One a dramatic final day at Augusta, Neil Tappin asks whether Jordan Spieth threw it away or Danny Willett 2016 Masters Champion, won it
As Sky were waiting for their live coverage to begin, previewing the final round of the 2016 Masters, there was a shot of Jordan Spieth and Jason Day having a laugh and a joke on the practice range. David Livingstone asked Paul McGinley what he thought of this strangely friendly meeting between fierce rivals. McGinley’s response was interesting – in golf, ultimately you play against the course, not each other.
Danny Willett handled the test of Augusta better than anyone this week. Fact. That Jordan Spieth was five ahead on the 10th tee and three behind walking off the 12th, is immaterial. The challenge facing the Sheffield man at the start of the day was huge. He needed to compile a solid front nine to stay in touch with Jordan Spieth. Check. He then needed to navigate Amen Corner without disaster. Check. He then needed to step on the gas to move up the leaderboard. Check. Finally he needed to make it back to the safety of the clubhouse unharmed. Check.
PODCAST: Golf Monthly Masters 2016 Review
The pressure of the final round at the Masters is immense, no matter whether you’re leading or chasing. Two years ago, Danny Willett would likely have faltered as many of the rest did. But after finishing second on the Race to Dubai last year and winning the Dubai Desert Classic (what many describe as the Middle East major) earlier this, there was no doubting that Willett was becoming a major champion in the making.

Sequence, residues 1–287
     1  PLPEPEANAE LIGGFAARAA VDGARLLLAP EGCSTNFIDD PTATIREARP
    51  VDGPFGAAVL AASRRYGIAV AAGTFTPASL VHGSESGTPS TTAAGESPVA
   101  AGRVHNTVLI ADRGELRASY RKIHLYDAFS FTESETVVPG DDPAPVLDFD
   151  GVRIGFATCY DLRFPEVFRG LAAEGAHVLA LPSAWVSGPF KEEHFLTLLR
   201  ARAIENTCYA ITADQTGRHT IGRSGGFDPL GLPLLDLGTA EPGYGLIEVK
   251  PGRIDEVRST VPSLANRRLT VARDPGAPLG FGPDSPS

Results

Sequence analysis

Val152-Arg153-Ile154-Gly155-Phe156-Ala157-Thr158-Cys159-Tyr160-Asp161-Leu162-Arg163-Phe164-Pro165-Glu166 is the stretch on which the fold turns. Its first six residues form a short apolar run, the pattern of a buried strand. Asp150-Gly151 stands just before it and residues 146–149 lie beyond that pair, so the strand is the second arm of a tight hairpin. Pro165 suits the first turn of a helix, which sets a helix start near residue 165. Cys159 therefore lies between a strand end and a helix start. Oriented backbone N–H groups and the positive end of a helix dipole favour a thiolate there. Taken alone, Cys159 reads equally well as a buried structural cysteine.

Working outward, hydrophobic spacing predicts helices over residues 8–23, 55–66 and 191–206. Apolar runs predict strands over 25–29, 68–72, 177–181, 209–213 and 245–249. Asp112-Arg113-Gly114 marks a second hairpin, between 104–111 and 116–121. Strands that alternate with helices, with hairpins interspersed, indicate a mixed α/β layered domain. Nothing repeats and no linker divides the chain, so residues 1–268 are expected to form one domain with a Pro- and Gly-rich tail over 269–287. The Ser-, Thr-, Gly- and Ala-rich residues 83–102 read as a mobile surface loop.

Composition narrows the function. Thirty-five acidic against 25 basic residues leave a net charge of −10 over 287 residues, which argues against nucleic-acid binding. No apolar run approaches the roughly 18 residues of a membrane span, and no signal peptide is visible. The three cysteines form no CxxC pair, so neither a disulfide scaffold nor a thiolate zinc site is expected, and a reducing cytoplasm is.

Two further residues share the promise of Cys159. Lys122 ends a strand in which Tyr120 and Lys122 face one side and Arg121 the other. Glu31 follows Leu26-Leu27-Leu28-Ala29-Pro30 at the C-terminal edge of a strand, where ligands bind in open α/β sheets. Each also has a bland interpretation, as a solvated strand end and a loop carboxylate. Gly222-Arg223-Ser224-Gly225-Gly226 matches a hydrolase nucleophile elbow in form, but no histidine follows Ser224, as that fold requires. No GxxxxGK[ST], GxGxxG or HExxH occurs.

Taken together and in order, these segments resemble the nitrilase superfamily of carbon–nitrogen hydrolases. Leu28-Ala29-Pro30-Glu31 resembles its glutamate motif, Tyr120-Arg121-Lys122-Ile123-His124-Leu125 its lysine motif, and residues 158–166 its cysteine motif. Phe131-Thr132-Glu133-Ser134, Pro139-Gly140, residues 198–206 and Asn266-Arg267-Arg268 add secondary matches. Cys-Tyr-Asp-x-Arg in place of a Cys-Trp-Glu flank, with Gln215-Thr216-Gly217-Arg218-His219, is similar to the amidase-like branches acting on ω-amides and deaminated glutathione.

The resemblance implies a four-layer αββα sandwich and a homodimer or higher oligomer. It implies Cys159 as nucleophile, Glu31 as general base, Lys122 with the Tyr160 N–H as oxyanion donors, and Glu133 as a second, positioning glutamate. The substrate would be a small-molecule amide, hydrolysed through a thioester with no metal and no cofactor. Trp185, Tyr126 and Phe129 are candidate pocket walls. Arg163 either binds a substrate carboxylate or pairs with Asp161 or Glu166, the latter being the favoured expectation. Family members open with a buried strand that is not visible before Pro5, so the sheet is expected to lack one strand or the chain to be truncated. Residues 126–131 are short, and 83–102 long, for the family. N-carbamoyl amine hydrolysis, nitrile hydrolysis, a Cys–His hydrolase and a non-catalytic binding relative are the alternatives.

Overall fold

Enter Augusta April 2016. With a sniff of the lead Willett was more in control of his ball flight and his emotions than anyone else. Drives were fired fearlessly down the fairway, iron shots dispatched at the target and the putts kept dropping. This was a supreme performance – this was the Danny Willett 2016 Masters.
As the dust settles on the 2016 Tournament, Jordan Spieth will get the majority of the headlines. But Willett has the Green Jacket. Augusta has and always will be the ultimate test of nerve. Just as we thought Spieth was untouchable, the golfing Gods bit back, showing us just how mental the challenge is. Indeed it was this that made Willett’s performance so impressive. All that could go wrong, didn’t. The reward is a place in golfing history.